Denver Real Estate Law and Family Law Blog. (Vol 1.62 ) August 24, 2015
By Craig Franklin Chambers Esq. 7851 S. Elati Street #204, Littleton, CO 80120
The Littleton Lawyer.
As a marital, family law, and divorce attorney, practicing in Littleton, Golden, Highlands Ranch, Denver an fact of the surrounding areas including Arapahoe, Douglas, and Jefferson County, I am often asked: Can I sue my ex for slander if she or he lies in a divorce.
The purpose of Permanent Orders hearing in a divorce is to present your case in front of a judge. Based on factors in C.R.S. 14-10-113, C.R.S. 14-10-114, and C.R.S. 14-10-124, and equitable principles, the court will decide significant matters such as parenting time, spousal maintenance, division of property and other issues that affect the parties.
Every story has two sides. But sometimes, in the stress of a divorce proceeding, a party actually slanders the other side, exaggerates, sometimes even lies.
A quiet, peaceful parenting exchange can be represented to the judge as a shouting match; a simple drink after work can be mis-described as the actions of an alcoholic. Even worse, the judge can believe these misrepresentations and rule against you based on them.
The question arises --can I sue my ex for slander for lying about me in court?
The answer is No. Witnesses are subject to perjury charges by the District Attorney if the lie is material enough to affect the outcome of a case, but claims for slander and defamation for a witness for testifying in court are not allowed. Parties are immune from civil liability for their testimony to encourage people to participate in the legal process.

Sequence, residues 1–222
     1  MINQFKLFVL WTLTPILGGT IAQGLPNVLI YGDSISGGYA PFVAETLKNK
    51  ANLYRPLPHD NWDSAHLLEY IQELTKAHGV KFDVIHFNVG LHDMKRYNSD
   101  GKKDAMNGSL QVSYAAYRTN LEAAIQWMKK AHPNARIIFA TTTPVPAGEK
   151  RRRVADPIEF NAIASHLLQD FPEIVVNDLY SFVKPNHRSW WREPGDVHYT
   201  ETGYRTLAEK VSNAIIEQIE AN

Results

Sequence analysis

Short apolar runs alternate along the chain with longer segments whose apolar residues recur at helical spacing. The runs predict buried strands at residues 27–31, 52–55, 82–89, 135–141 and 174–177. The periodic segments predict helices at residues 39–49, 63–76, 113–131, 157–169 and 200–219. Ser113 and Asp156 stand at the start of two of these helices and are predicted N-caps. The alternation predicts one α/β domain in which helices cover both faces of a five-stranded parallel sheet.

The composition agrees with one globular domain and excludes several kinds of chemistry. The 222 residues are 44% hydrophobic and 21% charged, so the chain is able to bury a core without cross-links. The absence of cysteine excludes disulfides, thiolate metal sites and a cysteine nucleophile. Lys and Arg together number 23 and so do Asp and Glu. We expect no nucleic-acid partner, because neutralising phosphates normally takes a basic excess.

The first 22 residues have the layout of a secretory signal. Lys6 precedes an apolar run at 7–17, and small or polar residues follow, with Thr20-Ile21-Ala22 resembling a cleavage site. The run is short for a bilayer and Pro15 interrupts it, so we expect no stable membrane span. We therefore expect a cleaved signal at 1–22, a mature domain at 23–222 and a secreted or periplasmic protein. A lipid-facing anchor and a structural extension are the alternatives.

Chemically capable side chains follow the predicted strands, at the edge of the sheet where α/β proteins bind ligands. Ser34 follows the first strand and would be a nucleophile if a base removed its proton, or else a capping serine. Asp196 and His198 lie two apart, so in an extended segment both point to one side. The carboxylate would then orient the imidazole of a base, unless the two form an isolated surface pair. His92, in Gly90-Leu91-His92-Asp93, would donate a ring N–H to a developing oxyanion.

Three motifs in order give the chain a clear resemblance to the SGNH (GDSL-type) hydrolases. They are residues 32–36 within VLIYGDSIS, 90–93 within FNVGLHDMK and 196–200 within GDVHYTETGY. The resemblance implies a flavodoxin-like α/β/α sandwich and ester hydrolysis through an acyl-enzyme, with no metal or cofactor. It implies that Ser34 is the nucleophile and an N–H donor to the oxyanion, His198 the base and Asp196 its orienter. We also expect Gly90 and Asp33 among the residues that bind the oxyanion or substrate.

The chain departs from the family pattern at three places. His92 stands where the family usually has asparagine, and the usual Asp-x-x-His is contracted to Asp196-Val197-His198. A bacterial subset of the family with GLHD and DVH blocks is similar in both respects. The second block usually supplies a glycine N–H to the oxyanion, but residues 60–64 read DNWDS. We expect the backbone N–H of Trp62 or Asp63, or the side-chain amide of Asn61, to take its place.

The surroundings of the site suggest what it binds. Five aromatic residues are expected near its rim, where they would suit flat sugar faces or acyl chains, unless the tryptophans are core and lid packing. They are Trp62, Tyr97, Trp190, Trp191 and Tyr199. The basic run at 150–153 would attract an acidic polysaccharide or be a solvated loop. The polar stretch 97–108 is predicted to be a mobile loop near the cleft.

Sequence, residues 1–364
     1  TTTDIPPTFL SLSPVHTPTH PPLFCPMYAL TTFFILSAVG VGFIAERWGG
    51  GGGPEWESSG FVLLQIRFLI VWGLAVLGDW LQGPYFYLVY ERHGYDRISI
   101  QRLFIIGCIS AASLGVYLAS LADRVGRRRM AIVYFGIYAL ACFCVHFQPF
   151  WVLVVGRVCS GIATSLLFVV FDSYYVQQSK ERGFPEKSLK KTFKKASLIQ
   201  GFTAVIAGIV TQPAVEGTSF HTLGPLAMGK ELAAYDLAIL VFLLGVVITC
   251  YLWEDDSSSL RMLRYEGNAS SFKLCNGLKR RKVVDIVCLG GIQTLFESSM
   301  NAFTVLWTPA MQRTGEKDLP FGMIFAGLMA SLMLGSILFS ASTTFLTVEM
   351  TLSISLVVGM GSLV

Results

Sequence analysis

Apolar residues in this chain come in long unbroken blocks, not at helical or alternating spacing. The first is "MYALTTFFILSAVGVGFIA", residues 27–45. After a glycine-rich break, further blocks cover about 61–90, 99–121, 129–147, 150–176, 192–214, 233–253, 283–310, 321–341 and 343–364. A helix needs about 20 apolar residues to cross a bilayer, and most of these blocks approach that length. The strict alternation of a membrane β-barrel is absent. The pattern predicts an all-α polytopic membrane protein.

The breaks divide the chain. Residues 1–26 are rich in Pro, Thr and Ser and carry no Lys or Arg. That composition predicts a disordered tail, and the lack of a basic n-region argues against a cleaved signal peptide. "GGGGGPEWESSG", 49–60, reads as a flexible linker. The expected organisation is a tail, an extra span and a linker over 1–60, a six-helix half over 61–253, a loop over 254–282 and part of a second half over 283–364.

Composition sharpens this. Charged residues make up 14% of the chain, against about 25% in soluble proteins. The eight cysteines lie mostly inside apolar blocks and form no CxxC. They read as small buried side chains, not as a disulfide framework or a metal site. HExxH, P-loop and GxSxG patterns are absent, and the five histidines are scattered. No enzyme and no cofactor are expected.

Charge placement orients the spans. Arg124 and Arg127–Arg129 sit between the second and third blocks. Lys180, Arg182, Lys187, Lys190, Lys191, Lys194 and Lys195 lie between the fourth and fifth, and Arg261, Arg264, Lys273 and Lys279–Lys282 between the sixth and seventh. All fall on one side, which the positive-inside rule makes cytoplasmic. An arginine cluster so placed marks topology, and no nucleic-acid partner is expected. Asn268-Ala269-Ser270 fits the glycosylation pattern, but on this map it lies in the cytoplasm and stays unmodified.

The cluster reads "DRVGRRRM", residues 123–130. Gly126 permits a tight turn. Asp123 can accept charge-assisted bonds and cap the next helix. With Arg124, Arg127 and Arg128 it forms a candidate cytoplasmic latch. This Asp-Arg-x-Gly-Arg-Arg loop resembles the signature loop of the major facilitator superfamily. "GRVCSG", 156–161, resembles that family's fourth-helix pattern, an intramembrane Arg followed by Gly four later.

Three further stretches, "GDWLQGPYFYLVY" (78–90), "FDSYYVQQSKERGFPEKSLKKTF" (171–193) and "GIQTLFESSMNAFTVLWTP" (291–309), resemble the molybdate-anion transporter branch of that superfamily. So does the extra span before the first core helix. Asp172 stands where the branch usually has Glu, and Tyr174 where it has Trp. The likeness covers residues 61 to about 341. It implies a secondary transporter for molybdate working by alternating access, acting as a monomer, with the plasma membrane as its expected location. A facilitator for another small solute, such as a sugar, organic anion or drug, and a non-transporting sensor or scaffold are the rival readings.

However, if the material misrepresentation regards a hidden asset, a party has five years to use proof of the misrepresentation to re-open the divorce. The entire property division and spousal maintenance issue can be re-opened if a party conceals or misrepresents an asset. Even a small asset, such as a old savings account with a minimal sum, can bring about a new permanent orders hearing.
But if the misrepresentation is a different version of an event as described above, your only hope is to do your best to present your case and hope the judge finds the other party's testimony not credible. You need to anticipate the other side might lie and present rebuttal testimony to help prove your case. If you lose at trial, you can appeal the judge's ruling, but there is no ability sue the other party in a civil action for slander or defamation for his testimony even if it is a lie